Disclaimer: Views in this blog do not promote, and are not directly connected to any Legal & General Investment Management (LGIM) product or service. Views are from a range of LGIM investment professionals and do not necessarily reflect the views of LGIM. For investment professionals only.

Us and Au

Gold may be undergoing a form of reverse alchemy, with important implications for multi-asset investors.


Given its perceived status as a safe-haven asset, gold is never far from our thoughts when assessing the multi-asset opportunity set. But while we maintain a positive long-term bias on the metal for the role it can play in diversified portfolios, we need to stay price sensitive too.

This led us to close a tactical overweight in gold back in July, when the metal’s price was hitting record highs.

Since August, though, the gold price has come back down. At some of the levels witnessed in September, we took the opportunity to scale back into the metal.

With interest rates close to zero in most developed markets and increasingly limited space for monetary policy against an uncertain macro backdrop, finding candidates to diversify the cyclical nature of equities and other risky assets has rarely been more challenging.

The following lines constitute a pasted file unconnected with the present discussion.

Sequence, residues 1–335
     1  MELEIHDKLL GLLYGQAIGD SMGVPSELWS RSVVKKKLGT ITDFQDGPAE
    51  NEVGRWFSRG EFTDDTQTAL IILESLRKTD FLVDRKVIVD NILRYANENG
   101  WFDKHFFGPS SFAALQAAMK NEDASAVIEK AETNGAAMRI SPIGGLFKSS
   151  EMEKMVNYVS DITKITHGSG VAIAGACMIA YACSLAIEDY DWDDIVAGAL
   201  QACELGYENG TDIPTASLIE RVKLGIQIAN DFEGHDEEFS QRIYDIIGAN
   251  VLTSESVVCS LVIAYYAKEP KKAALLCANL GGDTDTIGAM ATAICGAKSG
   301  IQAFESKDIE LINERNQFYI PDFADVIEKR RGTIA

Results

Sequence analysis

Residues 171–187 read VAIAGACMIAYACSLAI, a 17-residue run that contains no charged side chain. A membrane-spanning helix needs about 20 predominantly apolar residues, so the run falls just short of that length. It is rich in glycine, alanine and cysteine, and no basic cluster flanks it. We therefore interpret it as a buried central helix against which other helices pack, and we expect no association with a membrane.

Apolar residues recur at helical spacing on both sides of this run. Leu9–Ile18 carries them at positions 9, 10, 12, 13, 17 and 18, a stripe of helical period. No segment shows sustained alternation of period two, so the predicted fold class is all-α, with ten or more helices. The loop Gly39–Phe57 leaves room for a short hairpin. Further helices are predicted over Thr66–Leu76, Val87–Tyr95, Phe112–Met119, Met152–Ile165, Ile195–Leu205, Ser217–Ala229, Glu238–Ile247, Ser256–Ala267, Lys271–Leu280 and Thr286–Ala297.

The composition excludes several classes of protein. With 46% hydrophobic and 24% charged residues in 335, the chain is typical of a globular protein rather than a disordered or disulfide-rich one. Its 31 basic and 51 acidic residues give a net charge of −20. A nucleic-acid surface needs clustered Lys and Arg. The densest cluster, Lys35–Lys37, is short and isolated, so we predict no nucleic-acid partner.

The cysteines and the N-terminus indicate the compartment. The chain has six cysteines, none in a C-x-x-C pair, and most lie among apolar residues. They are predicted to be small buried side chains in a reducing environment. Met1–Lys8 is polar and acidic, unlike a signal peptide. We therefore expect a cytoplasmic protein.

Gold is, in our view, less exposed than many assets to innovative and unconventional future measures to ease policy even further. We therefore believe it offers something different from fixed-income assets in that regard.

An Au turn

We must nevertheless acknowledge that some of the dynamics around gold as an asset may be evolving.

Gold price movements have historically closely tracked a combination of real yields and the US dollar, but there is the possibility that this relationship could be changing.

In particular, with yields pinned close to zero it could be that inflation expectations and realised inflation become the more important future drivers of fair value. Given inflation expectations have tended to move up and down with equity markets, that would seem at odds with gold’s expected role as a safe haven and diversifier.

We also can’t ignore the performance of gold during some of the periods of market stress this year. The gold price fell in the midst of the crisis in March when, as Martin explained, “betas go to 1”. Even though gold did fare better than equities through that episode, this was obviously not ideal for a supposed safe haven, but can perhaps be understood in the context of an unprecedented panic.

Yet gold also weakened alongside equities in September. Does this validate concerns that gold may be becoming more correlated to inflation expectations, which were weighed down by a darkening economic outlook, and thus equities?

It is too short a period with too many moving parts to reach a definitive conclusion, but we must remain aware of this risk. Trading a defensive asset close to record price levels also requires a different approach, in our view.

So while we believe gold is still likely to play a valuable role in portfolios over the medium term, we don’t take any safe haven for granted.

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